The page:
The following series of pictures show the construction from the marking out of the hole to the finished pit, I mentioned at the start about things not turning out as expected, I made a flawed assumption that after the hole was dug, I could get away without propping the sides (I know it was stupid!), anyway fortunately I wasn’t in the hole at the time, but the sides caved in, now the problem this presented was that the cost to fix this.

The cost escalated as I would need a JCB rather than a mini digger to scoop out the spill due to the now extended boom reach required, also I would need two more 12m2 skips at £110.00 each, not to mention the additional backfill to make good the sides where the clay had slid from, all in all a blinking nightmare, so, do I fill the lot in and cut may losses, ore spend out of it, well the rest is history and a year later the credit card was finally paid off :-).

Drive

marked
Outline marked out

pre dig

dig1

start of trenching

services ducting

dig midway

dig in progress

dig completed

completed
Completed Holes
All done – spot on digging job, brown pipe is for the air vent and the Black tube is for the submersible pump to pump the pit out as their was no intention to make it waterproof.
collapse
Everything was going so well until the sides collapsed

Pit sides caved in the day after it was dug as I didn’t support them, the ground is heavy clay which slipped leaving a overhang, this overhang was soil and hay as the land on which the house was built used to be a farmers field.

So, change of plan, I decided to build the steel work outside of the hole and surround it in shuttering ply, and have the digger lift it into the hole……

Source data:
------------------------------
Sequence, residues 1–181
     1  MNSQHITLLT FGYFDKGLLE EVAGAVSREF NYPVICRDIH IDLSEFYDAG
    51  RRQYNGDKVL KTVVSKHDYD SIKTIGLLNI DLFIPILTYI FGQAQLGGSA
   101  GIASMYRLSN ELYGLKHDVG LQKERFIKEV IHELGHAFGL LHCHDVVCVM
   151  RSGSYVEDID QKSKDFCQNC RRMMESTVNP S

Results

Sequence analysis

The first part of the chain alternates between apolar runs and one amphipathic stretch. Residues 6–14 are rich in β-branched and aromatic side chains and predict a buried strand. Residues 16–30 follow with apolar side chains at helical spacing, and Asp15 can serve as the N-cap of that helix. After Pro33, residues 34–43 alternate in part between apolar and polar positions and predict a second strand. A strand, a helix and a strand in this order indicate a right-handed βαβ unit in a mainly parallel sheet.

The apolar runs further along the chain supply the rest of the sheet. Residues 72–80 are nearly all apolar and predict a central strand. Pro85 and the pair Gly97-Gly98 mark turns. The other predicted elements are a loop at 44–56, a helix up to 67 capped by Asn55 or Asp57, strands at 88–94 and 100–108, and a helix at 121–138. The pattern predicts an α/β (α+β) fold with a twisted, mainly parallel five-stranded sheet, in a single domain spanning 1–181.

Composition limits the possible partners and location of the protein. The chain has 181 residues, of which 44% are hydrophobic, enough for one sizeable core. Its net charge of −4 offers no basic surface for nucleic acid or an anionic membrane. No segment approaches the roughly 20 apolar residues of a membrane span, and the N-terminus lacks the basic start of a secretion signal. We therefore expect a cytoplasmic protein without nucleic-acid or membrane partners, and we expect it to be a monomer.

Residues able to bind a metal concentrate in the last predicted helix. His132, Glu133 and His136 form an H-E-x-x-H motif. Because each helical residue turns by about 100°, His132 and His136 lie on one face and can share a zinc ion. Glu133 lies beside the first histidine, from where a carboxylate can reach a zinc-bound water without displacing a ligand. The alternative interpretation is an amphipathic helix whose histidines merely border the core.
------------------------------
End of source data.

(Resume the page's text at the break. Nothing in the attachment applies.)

Cage
Start of cage construction
cage 2
Lin looking happy to help
jcb
JCB with longer reach than a minidigger to clear the collapsed hole
base
Side shuttering ongoing

side

walls
Wall shuttering in place
welding
Rebar welded to angle iron edge protectors

backfill

internal shuttering

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PLC Simulator

After playing with a Programmable Logic Controller (PLC) to operate my radio mast, I decided to build a simulator in order to better understand the capabilities of the EASY PR-18DC-DA-R.

I wanted the simulator to have 16 inputs, either momentary or switched and the ability to import signals including an embedded 4 – 20mA current.

I had a sloped project enclosure already, so I made a dimensioned drilling template.

Drilling Template

Once the template was stuck down, the pilot holes were drilled, template removed and holes opened to the right sizes.

Drilled Case

The template was created in Visio and I used layers, one of the layers was for switch position drilling and alignment cross-hairs, turning that layer off (missed one in I8!), allowed me to print on  self-adhesive sticky Matte White Vinyl.

Blank template

Using a sharp knife, I cut though the Vinyl and started fitting the switches, buttons, Output indication LEDs and 4 – 20mA injector.

Terminals to go in

Terminal posts next.

Switches going in

Front panel populated.

Lidded

Wiring started.

Pre-wire

After a couple of changes, the internal wiring is completed and loomed in.

Wired

The simulator uses 24v DC, I used a small 1.5A output switched mode PSU for this, fed via a chassis fuse holder with the supply from an IEC male socket, the output from the PSU is fused separately.

PSU 24v

PLC simulator all powered up, the program in the PLC was legacy from my mast control project, this will be overwritten by downloading revised programs from xLogicsoft software.

Finished PLC

To complement the PLC simulator I bought a4-20mA Current Signal Generator 0-10V Voltage Generator Transducer Simulator for £19.00.

simulator

Injector resolution precision:

  • Current 0-20mA 0.001 0.1mA
  • Voltage 0-10V 0.001 0.1V
injector
Boxed injector

testrig

 

 

 

 

 

 

 

Completed test setup.